A woman struggling to work out on a yoga mat. She has both an unstable arm and leg.

The Exercise See-Saw and Rheumatoid Arthritis

The ever-changing nature of rheumatoid arthritis makes any kind of routine nearly impossible, let alone exercise. Exercise routine and rheumatoid arthritis do not go together like peanut butter and jelly; maybe more like oil and water.

This is a fact that I’ve battled with almost my whole life. The minute I sign up for any class at the rec center, one of my joints decides to act up. And since Murphy’s Law seems to follow me everywhere, it’s usually the exact joint I’ll be most needing for that class.

RA complications make exercising a challenge

This is a separate problem from the problem of how to exercise at all. Going to the gym and trying to use the equipment with arms that are significantly different lengths is an exercise in frustration. Getting on an elliptical machine with poor balance can be an exercise in itself.

Trying to get to the point where I can work out my muscles without hurting my joints takes finesse equivalent to the best pastry chefs making a soufflé. Not much is easy traveling around in a body that moves differently than everyone else.

For me, exercise goals are useless

In a society that likes to see progress and loves setting goals, it’s hard to let go of the idea that my exercise needs to get me somewhere tangible. If I lift three pounds this week, I should be able to lift five next week, right? If I ride the stationary bike today for thirty minutes, by Friday I should be riding for forty. Maybe not, if by next week my knees have turned into grapefruits. The reality for me is, exercise goals are useless.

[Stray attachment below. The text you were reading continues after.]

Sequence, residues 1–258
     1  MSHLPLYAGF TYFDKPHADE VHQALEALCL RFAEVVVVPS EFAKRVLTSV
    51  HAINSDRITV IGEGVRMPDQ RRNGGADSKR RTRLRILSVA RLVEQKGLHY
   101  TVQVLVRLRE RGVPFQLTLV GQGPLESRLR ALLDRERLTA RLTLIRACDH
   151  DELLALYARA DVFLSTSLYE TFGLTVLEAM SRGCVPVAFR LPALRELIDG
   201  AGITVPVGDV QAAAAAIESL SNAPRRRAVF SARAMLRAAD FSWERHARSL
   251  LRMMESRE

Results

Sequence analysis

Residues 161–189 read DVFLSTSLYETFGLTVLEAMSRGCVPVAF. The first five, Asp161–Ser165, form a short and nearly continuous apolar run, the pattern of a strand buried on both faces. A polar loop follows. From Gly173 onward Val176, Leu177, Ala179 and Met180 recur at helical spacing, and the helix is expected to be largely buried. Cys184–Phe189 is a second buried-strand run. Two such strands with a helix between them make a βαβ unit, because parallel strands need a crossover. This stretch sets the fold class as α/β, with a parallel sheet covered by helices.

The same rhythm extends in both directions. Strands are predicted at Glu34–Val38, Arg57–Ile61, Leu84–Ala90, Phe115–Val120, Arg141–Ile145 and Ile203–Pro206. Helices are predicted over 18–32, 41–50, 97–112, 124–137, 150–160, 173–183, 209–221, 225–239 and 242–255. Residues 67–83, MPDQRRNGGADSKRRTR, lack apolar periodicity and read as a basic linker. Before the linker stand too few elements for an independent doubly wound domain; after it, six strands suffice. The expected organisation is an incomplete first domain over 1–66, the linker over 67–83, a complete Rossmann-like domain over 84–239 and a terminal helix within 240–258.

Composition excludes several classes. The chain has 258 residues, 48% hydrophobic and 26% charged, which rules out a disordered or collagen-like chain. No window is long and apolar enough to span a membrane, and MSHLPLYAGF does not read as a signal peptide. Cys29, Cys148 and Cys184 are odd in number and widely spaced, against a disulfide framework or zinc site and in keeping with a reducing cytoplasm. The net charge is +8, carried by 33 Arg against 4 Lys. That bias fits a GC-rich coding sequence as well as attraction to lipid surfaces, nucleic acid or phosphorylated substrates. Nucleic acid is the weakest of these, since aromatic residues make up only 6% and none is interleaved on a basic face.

Does this mean I give up exercising?

So, do I throw my hands up in the air and enter the world of non-exercisers? A lot of people with arthritis do. The majority of people who live with RA don’t exercise regularly, and after writing the past few paragraphs I understand why - not only does it hurt, it’s hard. Not only is it hard, achieving tangible results can be harder.

Trying to keep up with my peers

Throughout the course of my life, I’ve tried to “keep up” with my healthier peers and my efforts have always been fruitless. I’ve introduced friends to certain sports more than once, only to watch them get better and more involved with said sport as I go through yet another flare-up, and have to sideline myself yet again.

Rock climbing, mountain biking, tai chi, scuba, are all activities that I’ve been sidelined from. I often wonder what adventures I would be taking if I had a body that cooperated instead of always getting in the way. How many peaks I could have climbed by now, and how many trails I could have conquered.

It's okay that exercising looks different for me

But the “what ifs” will always remain just that, and reality is what is left. My reality is one in which the current state of my body has to dictate how hard I can push it. It is one in which exercise will always take more effort than the majority of my peers, and the rewards of said efforts will be less apparent. This reality has been mine for 49 years.

My body has benefited from the exercises I can do

However, and at this point, I can see that my body has benefited from all of the disciplined exercise I’ve managed to participate in - it’s much healthier than it would have been if I’d sat out participating in exercise at all. At 51, besides the pesky problem of JRA, I’m pretty darn healthy. Whether I managed to stay in that Zumba class is beside the point. The point is that even if I couldn’t take the jumping, I could still walk around the block, and I did.

Despite the see-sawing nature of my physical abilities, I never chose to get off. And I never will.

By providing your email address, you are agreeing to our privacy policy. We never sell or share your email address.

This article represents the opinions, thoughts, and experiences of the author; none of this content has been paid for by any advertiser. The RheumatoidArthritis.net team does not recommend or endorse any products or treatments discussed herein. Learn more about how we maintain editorial integrity here.

Join the conversation

or create an account to comment.